Rogue transmitter knocks out GPS signals

An errant Air Force transmitter in upstate New York jammed Global Positioning System satellite navigation signals for two weeks earlier this year, with at least one Continental Airlines flight reporting a total loss of GPS signals and a dozen other GPSequipped aircraft filing interference reports,

An errant Air Force transmitter in upstate New York jammed Global Positioning System satellite navigation signals for two weeks earlier this year, with at least one Continental Airlines flight reporting a total loss of GPS signals and a dozen other GPS-equipped aircraft filing interference reports, according to officials from the Federal Aviation Administration and the Defense and Transportation departments.

Last year the President's Commission on Critical Infrastructure Protection (PCCIP) cited in a report concerns about the vulnerability of the GPS system to jamming by adversaries or terrorists and questioned FAA plans to rely solely on satellite-based aerial navigation and landing systems sometime after 2003. Gary Kosciusko, a staff member of the PCCIP, speaking at a DOT-sponsored GPS conference last week, said the upstate New York incident served as a real-world example "of the kinds of issues we are concerned about'' when relying on GPS as a sole source of navigation.

Developed by DOD at a cost of more than $10 billion, the GPS system provides precise navigational and positioning information from a constellation of 24 satellites, with accuracies within 100 meters for civilian users and within 25 meters or better for military users. DOT and the FAA once believed that with ground- and space-based enhancements GPS could replace all ground-based navigation aids (navaids), and both agencies already have approved GPS as an en route navaid for transoceanic aircraft flights. But the possibility of jamming the weak GPS signals forced a retrenchment from that position.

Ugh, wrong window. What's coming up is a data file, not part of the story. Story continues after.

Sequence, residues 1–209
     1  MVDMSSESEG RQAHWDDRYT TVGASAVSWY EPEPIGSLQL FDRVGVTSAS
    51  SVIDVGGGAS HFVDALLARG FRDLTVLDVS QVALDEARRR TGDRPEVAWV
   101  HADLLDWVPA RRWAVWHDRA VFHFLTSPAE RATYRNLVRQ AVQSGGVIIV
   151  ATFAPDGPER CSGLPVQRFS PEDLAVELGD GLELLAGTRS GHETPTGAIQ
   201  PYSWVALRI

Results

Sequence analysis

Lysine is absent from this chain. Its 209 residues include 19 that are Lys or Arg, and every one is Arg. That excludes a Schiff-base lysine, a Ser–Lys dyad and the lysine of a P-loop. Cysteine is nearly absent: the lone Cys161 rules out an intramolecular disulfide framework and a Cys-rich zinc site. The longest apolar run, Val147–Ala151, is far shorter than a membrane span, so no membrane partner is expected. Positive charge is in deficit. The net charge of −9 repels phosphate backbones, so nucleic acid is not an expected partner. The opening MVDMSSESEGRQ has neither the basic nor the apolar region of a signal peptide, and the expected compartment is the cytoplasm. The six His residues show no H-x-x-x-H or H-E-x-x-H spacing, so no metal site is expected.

"Eroding Confidence in GPS"

Heywood Shirer, a DOT official working on development of the 1998 version of the Federal Radionavigation Plan— the navigation blueprint for the FAA, the Coast Guard and other federal agencies— told the DOT Civil GPS Service Interface Committee (CGSIC) last week that there is "eroding confidence in GPS as a sole means of navigation because of vulnerability to interference and jamming.''

GPS jammers already have appeared on the market, according to Kosciusko, who said a Russian company— which he did not identify— displayed a prototype four-watt GPS jammer at last year's Moscow Air Show. That jammer, Kosciusko added, could interfere with GPS signals "out to a range of from 150 to 200 kilometers.''

The jamming incident in New York caused the FAA to declare an interference zone of 300 kilometers, FAA officials said, although they believed the zone was actually more localized than that, centered around the Albany Very High Frequency Omni Range navigation aid.

Continental, which has equipped DC-10s in trans-Atlantic service with GPS receivers, originally believed the Dec. 30, 1997, flight, which lost all GPS signals as it descended south from Albany for a landing in Newark, N.J., had been subjected to deliberate military jamming exercises, FAA officials said.